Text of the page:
S-Space College of Medicine/School of Medicine (의과대학/대학원) Internal Medicine (내과학전공) Journal Papers (저널논문_내과학전공)
Metabolic syndrome, not menopause, is a risk factor for hypertension in peri-menopausal women
- Oh, Gyu Chul; Kang, Kee Soo; Park, Chan Soon; Sung, Ho Kyung; Ha, Kyoung Hwa; Kim, Hyeon Chang; Park, Sungha; Ihm, Sang Hyun; Lee, Hae-Young
- Issue Date
- BioMed Central
- Clinical Hypertension, 24(1):14
It has been long debated whether menopause itself is a risk factor for hypertension in peri-menopausal women. We aimed to assess the association between menopause and hypertension, and whether metabolic syndrome (MetS) has an influence on its effect.
Data for 1502 women aged 42 to 53 from the Korean Genome and Epidemiology Study (KoGES) database were retrospectively analyzed. The KoGES database consists of 10,038 participants, of which 52.6% (5275) were female. Subjects were followed up for 4 years, and compared according to menopausal status. Additionally, 1216 non-hypertensive subjects were separately analyzed to assess whether a change in menopausal status was associated with development of hypertension.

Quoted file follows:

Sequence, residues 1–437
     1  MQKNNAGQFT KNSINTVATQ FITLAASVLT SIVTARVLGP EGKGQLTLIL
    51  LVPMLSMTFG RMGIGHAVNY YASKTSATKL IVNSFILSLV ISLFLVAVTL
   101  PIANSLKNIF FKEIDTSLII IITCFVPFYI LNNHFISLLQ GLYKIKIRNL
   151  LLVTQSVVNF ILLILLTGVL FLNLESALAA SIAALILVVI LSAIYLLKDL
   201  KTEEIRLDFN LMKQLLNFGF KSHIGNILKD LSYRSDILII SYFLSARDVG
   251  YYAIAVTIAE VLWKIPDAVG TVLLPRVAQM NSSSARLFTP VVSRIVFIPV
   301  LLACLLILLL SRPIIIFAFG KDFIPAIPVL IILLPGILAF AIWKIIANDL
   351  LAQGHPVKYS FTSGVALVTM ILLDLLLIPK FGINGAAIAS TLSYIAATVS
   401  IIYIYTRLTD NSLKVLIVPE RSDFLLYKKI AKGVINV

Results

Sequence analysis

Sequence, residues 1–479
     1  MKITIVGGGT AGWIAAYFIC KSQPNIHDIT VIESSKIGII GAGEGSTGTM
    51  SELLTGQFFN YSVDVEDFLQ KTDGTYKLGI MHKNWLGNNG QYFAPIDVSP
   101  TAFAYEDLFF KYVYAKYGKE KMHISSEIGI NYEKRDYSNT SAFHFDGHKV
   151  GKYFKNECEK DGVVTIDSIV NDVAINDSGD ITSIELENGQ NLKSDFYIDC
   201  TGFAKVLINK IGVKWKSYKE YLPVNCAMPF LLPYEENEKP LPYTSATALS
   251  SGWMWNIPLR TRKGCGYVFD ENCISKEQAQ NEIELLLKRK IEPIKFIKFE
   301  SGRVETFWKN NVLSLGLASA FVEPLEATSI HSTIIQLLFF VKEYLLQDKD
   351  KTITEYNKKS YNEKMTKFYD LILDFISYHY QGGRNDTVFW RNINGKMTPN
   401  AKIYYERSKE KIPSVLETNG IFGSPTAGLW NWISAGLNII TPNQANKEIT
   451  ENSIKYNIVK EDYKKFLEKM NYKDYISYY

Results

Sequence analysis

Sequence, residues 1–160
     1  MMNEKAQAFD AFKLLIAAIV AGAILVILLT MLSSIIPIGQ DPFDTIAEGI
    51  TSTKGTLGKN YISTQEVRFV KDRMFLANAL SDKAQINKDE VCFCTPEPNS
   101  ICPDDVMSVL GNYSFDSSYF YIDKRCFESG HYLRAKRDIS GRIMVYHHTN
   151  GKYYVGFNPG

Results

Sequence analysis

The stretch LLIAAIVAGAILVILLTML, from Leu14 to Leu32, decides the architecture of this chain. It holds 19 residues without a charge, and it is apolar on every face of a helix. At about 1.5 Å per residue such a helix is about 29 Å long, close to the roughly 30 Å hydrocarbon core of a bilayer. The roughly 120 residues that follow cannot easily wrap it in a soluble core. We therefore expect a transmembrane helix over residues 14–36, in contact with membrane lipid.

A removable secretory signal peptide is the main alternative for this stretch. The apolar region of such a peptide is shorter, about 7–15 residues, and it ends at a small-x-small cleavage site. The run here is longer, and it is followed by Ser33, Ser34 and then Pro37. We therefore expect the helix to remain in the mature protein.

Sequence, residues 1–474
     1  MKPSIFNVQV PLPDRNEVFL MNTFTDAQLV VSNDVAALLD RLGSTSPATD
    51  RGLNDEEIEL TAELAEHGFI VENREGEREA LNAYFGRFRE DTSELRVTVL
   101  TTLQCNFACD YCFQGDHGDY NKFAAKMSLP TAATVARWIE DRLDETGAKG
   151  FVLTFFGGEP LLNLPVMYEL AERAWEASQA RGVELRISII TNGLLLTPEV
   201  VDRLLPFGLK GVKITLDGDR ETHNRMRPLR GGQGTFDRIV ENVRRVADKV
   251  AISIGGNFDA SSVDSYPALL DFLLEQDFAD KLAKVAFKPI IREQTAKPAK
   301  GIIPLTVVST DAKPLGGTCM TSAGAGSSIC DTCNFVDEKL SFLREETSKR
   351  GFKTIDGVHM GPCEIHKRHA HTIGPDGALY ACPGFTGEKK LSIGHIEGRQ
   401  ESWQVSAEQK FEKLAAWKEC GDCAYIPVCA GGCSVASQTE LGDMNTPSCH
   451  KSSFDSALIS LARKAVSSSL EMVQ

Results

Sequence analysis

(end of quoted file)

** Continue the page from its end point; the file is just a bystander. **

The prevalence of hypertension, diabetes, and MetS for menopausal and non-menopausal subjects at baseline was 24.4% vs. 16.7%, 5.8% vs. 2.9%, and 25.4% vs. 16.6%, respectively (p < 0.01 for all comparisons). Among non-hypertensive subjects at baseline, prevalence of hypertension at 4-year follow-up was 9.4%, 19.7%, and 13.1% for non-menopausal, those who became menopause during follow-up, and those who were menopause at baseline, respectively. Development of hypertension was positively correlated with MetS (HR 3.90, 95% CI 2.51–6.07) and increased BMI (HR 1.09, 95% CI 1.03–1.16), while association with menopause was not significant.
Menopause is closely associated with increased incidence of hypertension, but the increase may not be attributable to menopause itself but to increased prevalence of MetS.